HOW TO DISINFECT A PIERCING? TIPS
There isn’t a universal cleaning solution or aftercare routine that universally suits everyone and every situation. Diverse individuals and lifestyles necessitate distinct aftercare approaches. Location matters significantly, and what’s effective for someone residing in Philadelphia may not be suitable elsewhere.
Disparities in air and water quality, dietary habits, and climate can exert a substantial influence on the healing process. Your choice of aftercare products and cleansing methods constitutes just one facet of a larger context.
Discovering what works best for you is crucial! Let’s see how to disinfect a piercing brand new!
How to disinfect a piercing? Basic Care
New piercings typically require cleaning twice daily. (The frequency may also depend on your skin type, daily activities, environment, and the specific body piercing you’re healing.) This cleaning routine should be maintained throughout the entire healing period.
It’s important not to overdo the cleaning process!!! Excessive cleaning with an excessively strong cleaning solution or using multiple types of cleaning solutions can lead to irritation in your piercing. If the recommended frequency is twice a day, it’s not advisable to assume that cleaning it ten times a day would be better – because it isn’t.
During the healing process, piercings naturally release lymph, blood, blood plasma, and dead cells. The purpose of cleaning your piercing is to remove this discharge, along with any accumulated dirt or bacteria, from your daily activities. The products you apply to your piercing don’t facilitate the healing process; they simply maintain cleanliness while your body works on the healing itself.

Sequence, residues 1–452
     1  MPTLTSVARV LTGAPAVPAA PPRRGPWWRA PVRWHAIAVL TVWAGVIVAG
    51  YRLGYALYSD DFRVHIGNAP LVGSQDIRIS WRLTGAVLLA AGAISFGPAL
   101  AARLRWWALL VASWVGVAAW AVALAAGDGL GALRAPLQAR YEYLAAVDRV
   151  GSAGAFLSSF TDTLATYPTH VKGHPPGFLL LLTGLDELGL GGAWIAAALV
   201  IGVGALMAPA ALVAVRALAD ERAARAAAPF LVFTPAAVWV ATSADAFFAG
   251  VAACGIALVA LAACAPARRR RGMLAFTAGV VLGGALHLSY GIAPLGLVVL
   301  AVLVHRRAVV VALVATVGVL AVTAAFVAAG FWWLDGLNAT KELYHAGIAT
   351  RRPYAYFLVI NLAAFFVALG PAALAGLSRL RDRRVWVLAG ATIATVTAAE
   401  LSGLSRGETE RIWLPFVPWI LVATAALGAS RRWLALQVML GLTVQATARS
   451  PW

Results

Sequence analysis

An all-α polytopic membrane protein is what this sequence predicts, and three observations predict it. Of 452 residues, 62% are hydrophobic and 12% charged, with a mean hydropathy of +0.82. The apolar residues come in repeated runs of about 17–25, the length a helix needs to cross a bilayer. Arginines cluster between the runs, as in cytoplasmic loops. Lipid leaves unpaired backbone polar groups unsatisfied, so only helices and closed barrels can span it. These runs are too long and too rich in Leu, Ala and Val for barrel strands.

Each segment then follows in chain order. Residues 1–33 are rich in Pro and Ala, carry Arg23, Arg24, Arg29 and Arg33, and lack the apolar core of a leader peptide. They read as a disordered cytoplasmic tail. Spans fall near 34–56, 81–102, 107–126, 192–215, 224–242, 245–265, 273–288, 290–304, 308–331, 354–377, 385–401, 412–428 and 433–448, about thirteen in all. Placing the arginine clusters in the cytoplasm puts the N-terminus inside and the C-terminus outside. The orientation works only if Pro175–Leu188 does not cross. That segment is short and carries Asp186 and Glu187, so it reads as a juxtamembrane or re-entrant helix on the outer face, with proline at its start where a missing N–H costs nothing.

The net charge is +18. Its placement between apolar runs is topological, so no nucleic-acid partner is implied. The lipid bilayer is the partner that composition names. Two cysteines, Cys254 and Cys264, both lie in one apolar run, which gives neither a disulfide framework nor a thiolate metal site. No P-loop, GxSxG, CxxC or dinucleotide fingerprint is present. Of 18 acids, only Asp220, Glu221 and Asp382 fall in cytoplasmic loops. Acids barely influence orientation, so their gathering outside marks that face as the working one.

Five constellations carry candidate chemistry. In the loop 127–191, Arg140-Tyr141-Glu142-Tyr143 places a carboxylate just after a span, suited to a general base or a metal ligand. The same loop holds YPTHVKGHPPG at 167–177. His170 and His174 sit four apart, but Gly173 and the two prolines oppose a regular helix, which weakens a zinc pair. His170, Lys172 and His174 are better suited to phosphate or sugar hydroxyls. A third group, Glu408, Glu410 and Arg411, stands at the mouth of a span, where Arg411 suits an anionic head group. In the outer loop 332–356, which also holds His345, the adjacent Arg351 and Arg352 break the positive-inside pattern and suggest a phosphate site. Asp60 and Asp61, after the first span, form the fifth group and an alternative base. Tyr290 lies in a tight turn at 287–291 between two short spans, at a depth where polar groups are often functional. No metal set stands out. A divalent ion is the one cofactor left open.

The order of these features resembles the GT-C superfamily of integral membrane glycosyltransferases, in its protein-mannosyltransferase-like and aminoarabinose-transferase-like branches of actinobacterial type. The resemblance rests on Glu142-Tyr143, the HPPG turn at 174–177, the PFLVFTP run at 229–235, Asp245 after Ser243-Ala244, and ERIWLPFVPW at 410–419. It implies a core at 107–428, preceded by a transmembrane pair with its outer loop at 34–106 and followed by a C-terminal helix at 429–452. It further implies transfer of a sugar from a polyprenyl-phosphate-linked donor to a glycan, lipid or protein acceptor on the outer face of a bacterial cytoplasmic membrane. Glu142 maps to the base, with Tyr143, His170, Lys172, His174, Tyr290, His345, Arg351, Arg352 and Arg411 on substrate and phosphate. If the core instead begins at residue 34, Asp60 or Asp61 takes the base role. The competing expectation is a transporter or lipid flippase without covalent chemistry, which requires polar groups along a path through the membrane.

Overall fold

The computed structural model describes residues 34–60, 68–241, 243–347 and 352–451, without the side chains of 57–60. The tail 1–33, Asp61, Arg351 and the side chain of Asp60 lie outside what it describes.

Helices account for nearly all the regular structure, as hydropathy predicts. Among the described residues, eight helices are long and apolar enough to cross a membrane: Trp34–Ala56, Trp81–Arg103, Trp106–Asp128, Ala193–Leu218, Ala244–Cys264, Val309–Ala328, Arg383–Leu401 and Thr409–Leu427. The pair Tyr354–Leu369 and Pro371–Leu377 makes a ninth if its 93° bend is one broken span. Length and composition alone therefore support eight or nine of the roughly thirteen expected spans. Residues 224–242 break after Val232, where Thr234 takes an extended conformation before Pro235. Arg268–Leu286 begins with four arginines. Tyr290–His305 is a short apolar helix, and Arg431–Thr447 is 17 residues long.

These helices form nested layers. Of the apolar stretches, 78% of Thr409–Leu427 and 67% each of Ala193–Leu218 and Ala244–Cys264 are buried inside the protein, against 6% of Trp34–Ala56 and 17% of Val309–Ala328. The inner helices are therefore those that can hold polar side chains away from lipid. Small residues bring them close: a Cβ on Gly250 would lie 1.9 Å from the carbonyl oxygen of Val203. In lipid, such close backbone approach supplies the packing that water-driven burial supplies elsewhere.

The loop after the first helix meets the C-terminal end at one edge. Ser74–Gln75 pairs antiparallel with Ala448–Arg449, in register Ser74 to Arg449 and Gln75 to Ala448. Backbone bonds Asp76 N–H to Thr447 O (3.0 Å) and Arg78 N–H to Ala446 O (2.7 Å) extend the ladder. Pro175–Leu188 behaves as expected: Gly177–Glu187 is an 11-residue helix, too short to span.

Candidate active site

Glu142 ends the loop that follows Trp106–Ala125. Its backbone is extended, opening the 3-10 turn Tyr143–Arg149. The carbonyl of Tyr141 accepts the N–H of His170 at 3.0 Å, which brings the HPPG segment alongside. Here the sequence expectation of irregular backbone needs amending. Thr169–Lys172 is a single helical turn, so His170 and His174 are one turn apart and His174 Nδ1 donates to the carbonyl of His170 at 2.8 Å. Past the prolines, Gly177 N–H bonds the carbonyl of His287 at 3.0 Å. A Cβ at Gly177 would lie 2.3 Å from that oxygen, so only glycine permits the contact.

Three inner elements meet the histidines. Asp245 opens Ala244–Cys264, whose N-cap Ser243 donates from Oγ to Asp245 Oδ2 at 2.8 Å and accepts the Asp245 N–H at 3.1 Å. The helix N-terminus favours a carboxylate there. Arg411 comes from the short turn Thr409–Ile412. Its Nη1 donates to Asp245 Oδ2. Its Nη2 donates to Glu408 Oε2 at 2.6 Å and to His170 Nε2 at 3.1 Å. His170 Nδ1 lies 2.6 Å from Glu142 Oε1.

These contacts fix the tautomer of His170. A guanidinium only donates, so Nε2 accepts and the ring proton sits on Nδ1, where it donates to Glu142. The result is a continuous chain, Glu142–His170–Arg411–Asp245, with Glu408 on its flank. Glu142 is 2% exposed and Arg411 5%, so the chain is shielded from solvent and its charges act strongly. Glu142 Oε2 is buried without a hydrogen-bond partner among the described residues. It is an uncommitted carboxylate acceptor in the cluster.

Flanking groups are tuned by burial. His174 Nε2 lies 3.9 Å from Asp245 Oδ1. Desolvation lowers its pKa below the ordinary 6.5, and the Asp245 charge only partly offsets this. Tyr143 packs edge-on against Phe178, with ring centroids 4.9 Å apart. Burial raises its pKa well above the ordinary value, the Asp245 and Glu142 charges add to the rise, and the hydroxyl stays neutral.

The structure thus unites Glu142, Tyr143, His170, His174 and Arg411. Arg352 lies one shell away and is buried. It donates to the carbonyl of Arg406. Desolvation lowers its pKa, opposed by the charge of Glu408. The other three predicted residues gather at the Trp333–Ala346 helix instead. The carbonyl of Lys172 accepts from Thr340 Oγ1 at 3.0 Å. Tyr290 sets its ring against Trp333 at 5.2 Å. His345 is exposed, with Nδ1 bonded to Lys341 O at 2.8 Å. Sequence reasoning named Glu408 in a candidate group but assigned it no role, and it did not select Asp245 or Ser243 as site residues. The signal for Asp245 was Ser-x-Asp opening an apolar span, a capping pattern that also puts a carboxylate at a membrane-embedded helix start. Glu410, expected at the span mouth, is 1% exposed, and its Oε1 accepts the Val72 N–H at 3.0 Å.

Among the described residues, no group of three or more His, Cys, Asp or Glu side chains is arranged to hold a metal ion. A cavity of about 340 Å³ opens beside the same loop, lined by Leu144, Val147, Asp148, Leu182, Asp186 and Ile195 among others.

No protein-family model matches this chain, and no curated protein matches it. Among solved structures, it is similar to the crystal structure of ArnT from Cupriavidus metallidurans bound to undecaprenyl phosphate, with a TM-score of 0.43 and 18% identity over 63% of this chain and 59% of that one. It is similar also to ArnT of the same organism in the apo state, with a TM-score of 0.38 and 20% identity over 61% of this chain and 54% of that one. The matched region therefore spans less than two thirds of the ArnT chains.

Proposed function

It’s important not to view your cleaning solution as a form of medication because it isn’t. Saltwater and/or saline solutions should be used for rinsing your piercing, but it’s the act of flushing out the wound that aids in healing, not the saline solution itself. Similarly, soap should be used like any other soap: lather gently around your piercing and rinse thoroughly.
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Best methods to disinfect a piercing
Warm Saltwater Soaks
The most effective practice for caring for your new piercing involves maintaining a consistent routine of saltwater soaks. These soaks serve several essential purposes, including flushing the piercing, assisting in the removal of discharge, promoting blood circulation, and alleviating irritations. We strongly recommend soaking your piercing at least twice daily, and more frequently if you encounter challenges in the healing process.